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OpenBSD Security Functionally paranoid!

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Old 19th December 2011
steamrent steamrent is offline
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Default Is OpenBSD secure by default from ssh users?

Say for instance I create a new user on a default install of OpenBSD, and the home directory for this user being /home/user/.

If the user ssh's in, how much restricted access does he have outside of his own home directory? Is there anything sensitive such as files with information I may not want this user viewing or altering? Is there a way I can restrict this user to viewing/modifying his own home directory only, and not being able to view/modify anything outside of it?
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Old 19th December 2011
ocicat ocicat is offline
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Quote:
Originally Posted by steamrent View Post
If the user ssh's in, how much restricted access does he have outside of his own home directory? Is there anything sensitive such as files with information I may not want this user viewing or altering?
It appears you are confusing the role of SSH & the shell in which users utililze. If your goal is to restrict what directories users can move into, you may want to look at the -r switch to ksh(1).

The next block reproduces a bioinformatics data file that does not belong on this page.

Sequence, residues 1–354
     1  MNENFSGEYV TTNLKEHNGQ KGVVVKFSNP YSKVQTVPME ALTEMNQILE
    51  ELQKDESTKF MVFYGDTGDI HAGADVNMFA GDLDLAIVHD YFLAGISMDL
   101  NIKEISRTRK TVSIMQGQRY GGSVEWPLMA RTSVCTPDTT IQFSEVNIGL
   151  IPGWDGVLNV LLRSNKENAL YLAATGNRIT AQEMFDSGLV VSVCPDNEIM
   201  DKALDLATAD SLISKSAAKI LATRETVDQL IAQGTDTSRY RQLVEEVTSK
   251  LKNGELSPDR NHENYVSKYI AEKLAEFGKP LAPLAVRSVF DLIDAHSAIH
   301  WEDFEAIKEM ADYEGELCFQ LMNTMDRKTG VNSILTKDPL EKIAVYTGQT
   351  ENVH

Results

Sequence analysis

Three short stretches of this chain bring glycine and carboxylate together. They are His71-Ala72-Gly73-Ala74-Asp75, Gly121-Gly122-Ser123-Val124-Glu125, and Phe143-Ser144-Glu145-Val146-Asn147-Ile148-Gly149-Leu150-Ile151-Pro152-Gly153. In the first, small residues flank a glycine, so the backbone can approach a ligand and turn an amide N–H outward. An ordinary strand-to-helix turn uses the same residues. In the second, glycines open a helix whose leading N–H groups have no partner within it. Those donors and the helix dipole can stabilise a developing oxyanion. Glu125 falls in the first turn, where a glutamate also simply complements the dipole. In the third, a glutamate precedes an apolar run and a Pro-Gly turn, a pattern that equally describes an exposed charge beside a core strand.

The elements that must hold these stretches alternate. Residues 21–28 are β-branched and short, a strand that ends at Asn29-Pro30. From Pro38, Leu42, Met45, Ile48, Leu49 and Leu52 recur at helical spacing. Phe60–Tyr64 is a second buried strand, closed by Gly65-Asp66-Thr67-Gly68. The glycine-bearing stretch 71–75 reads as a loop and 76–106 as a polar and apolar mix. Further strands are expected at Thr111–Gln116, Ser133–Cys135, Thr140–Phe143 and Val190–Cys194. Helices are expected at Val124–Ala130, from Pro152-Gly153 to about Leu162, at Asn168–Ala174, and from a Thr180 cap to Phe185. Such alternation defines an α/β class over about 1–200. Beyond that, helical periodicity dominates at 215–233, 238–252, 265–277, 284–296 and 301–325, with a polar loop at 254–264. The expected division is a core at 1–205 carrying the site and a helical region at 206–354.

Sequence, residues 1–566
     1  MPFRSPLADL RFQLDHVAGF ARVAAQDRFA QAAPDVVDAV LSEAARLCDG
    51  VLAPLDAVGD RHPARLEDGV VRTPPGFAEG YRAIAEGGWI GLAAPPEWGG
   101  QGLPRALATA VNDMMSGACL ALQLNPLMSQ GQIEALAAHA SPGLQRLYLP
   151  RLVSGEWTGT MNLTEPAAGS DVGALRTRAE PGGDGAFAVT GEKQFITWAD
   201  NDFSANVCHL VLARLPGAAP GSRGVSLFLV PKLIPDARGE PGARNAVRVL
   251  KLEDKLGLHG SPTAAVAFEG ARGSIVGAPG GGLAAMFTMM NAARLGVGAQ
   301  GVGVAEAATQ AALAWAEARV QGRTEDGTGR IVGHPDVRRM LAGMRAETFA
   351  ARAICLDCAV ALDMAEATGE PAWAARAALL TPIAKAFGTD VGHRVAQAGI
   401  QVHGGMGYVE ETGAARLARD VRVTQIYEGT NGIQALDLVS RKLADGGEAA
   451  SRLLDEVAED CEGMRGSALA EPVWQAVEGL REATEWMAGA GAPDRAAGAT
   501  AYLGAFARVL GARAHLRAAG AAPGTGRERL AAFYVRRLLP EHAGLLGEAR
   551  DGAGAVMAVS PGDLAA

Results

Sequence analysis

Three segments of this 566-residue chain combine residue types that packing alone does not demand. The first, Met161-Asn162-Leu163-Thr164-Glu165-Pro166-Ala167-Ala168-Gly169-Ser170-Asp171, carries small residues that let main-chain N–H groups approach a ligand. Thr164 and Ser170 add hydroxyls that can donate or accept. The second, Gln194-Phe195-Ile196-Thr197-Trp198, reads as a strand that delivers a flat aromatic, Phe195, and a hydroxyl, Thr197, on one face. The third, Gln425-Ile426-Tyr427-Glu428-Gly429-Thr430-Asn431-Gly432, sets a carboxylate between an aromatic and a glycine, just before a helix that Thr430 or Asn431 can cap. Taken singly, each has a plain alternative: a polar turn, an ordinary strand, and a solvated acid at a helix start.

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Old 19th December 2011
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One can also chroot individual users or groups of users, though this is almost only used with sftp-only users who are just using the account to upload/download files, and who do not need any shell access.

Any shell users who are chrooted would require complete virtual filesystem environments, including their own /dev, /bin, /usr/bin, /usr/local/bin, /usr/lib, /usr/local/lib ... and probably a few more file structures I've forgotten.

If you want to keep users' private information private, it is much simpler to restrict their $HOME directories to their own use, or restrict to a group use if managing groups of users who share information.
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